The handling is relatively fast to turn and you need to add plenty of pressure (I ended up at 115 psi) or some ‘Bottomless Token’ volume spacers in the fork's air-spring (available separately) to stop if diving too deep into it’s travel. My sample had some clunk in the bushings when rocked on the brakes too, but once we were riding I didn’t notice it. I’ve certainly ridden much worse than the Recon SL in terms of smoothness and particularly steering precision on similar priced bikes. It’s performance is undoubtedly flattered by the Magic Mary front tire. Not only has the chunky tread pattern and soft compound rubber been a benchmark for all-weather, all-terrain control for even the most aggressive riders for years, but the sturdy Super Trail carcass sucks up impacts and stabilises ground connection brilliantly.
That meant I could push the front end of the Sentier into sketchy situations with full commitment and remain confident that everything would be fine. And while I used to say this regularly about £800-1000 bikes a few years ago, I need to make it clear just how rare a statement that is on current bikes in this category.
Normally I have to dial back expectations significantly for my own safety and the overall experience of the ride shifts to the back foot. At the same time ‘it’s not bad for the money’ or ‘you have to expect some compromises’ becomes the language of the test and to be honest I’m glad to get due diligence done and swap back to something where every wet, rooty, steep or rocky descent wasn’t scaring me sh*tless. Being able to ride my local test trails almost as hard as I normally do without worrying about the front tire sliding out without warning, the fork tripping up or the rear tyre blowing an inner tube on an edge impact was therefore a real treat and tribute to the Sentier.
It certainly went a long way to forgiving the slightly awkward bar shape and the fact it felt more like a medium sized bike than a large. It also let me appreciate that the frame actually rides really well for an affordable alloy frame. That the difference between a through axle crank and a square taper is really tangible in terms of torque transfer on technical climbs and not just in terms of much lighter weight. Even the knowledge that the bolted axles would stay secure and keep the wheels going where they should, rather than worrying whether a wheel attachment system designed for road bikes in 1926 would hold out all the way down the hill. Or to put it in simple terms, when it came to setting the fixed saddle height, for most of my riding I kept the seat slammed so I could properly throw the bike around and fully exploit it’s potential, rather that tottering round with a stick up my behind.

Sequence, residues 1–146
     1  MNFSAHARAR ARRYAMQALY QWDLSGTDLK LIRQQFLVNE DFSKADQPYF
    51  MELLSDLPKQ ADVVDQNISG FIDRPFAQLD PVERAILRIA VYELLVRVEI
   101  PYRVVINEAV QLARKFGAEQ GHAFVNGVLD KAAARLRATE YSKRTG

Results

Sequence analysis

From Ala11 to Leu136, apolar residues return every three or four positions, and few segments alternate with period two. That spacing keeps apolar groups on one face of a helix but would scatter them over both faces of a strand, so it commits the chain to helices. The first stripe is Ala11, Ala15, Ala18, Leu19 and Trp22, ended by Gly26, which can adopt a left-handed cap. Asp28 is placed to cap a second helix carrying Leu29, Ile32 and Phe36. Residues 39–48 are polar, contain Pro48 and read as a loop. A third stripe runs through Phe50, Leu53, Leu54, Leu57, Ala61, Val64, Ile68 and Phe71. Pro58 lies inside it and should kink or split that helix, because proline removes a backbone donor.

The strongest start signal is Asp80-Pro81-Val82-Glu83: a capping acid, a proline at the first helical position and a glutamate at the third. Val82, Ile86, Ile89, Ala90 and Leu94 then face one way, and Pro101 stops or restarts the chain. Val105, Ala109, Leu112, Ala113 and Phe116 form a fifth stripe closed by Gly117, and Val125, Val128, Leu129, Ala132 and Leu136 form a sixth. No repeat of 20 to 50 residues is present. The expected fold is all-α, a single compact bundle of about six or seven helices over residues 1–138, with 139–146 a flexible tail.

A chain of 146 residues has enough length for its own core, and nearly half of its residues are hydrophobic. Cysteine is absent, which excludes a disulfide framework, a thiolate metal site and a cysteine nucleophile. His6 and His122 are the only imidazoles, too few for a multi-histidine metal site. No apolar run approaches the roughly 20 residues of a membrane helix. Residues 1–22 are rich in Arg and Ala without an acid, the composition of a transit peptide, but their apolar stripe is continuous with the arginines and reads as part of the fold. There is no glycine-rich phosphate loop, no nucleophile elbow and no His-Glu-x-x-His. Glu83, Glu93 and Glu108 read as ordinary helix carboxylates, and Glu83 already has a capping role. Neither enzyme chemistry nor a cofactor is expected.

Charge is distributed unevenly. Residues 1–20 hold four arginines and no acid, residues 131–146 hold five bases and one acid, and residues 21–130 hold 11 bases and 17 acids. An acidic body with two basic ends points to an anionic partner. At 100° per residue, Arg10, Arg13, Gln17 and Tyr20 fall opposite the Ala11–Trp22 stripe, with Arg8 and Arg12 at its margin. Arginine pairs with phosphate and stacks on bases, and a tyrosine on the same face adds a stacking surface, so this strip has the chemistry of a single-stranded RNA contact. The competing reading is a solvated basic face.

I guess I should include a disclaimer that the sticky, slow rolling front tire and keen to party vibe of the Vitus won’t suit people who want a multi-purpose ‘soft roader’ for commutes and light trail duties. The lack of mudguard or rack mounts might put some ‘utility’ riders off too, but if you want proper MTB performance for under £1000, the Vitus Sentier 29 is one of the few options you’ve got.
The Sentier's tires and wheels give you the confidence to push hard and play with the trails which is a great thing. They really mask the shortcomings of the adequate fork, bearable brakes and a ride position that’s definitely on the short/tall side too, even if the bike does lack a dropper post.
- Trails: blue and red grade trail center routes plus natural woodland singletrack
- Conditions: dry and rain soaked
Tech specs: Vitus Sentier 29
- Discipline: Trail
- Price: £949
- Head angle: 67 degrees
- Frame material: 6061 alloy
- Fork: RockShox Recon Silver RL, 42mm offset, 130mm travel
- Sizes: XS, S, M, L, (tested) XL
- Weight: 13.5kg (L without pedals)
- Wheel size: 29in
- Gears: Shimano Deore rear mech and 10sp shifter, SunRace 11-46t cassette
- Drivetrain: 1x10 Shimano Deore M5100 32T
- Brakes: Clarks M2 hydraulic disc brakes with 180mm rotors.
- Tires: Schwalbe Magic Mary 29 x 2.4in Super Trail Evo Addix Soft front, Nobby Nic 29 x 2.3in rear
- Wheels: Vitus hub and WTB i30 TCS rims
- Cockpit: Nukeproof Neutron V2 Riser 780 x 31.8mm bar, Vitus 50 x 31.8mm stem
- Seatpost: Vitus alloy 31.6mm
- Saddle: Vitus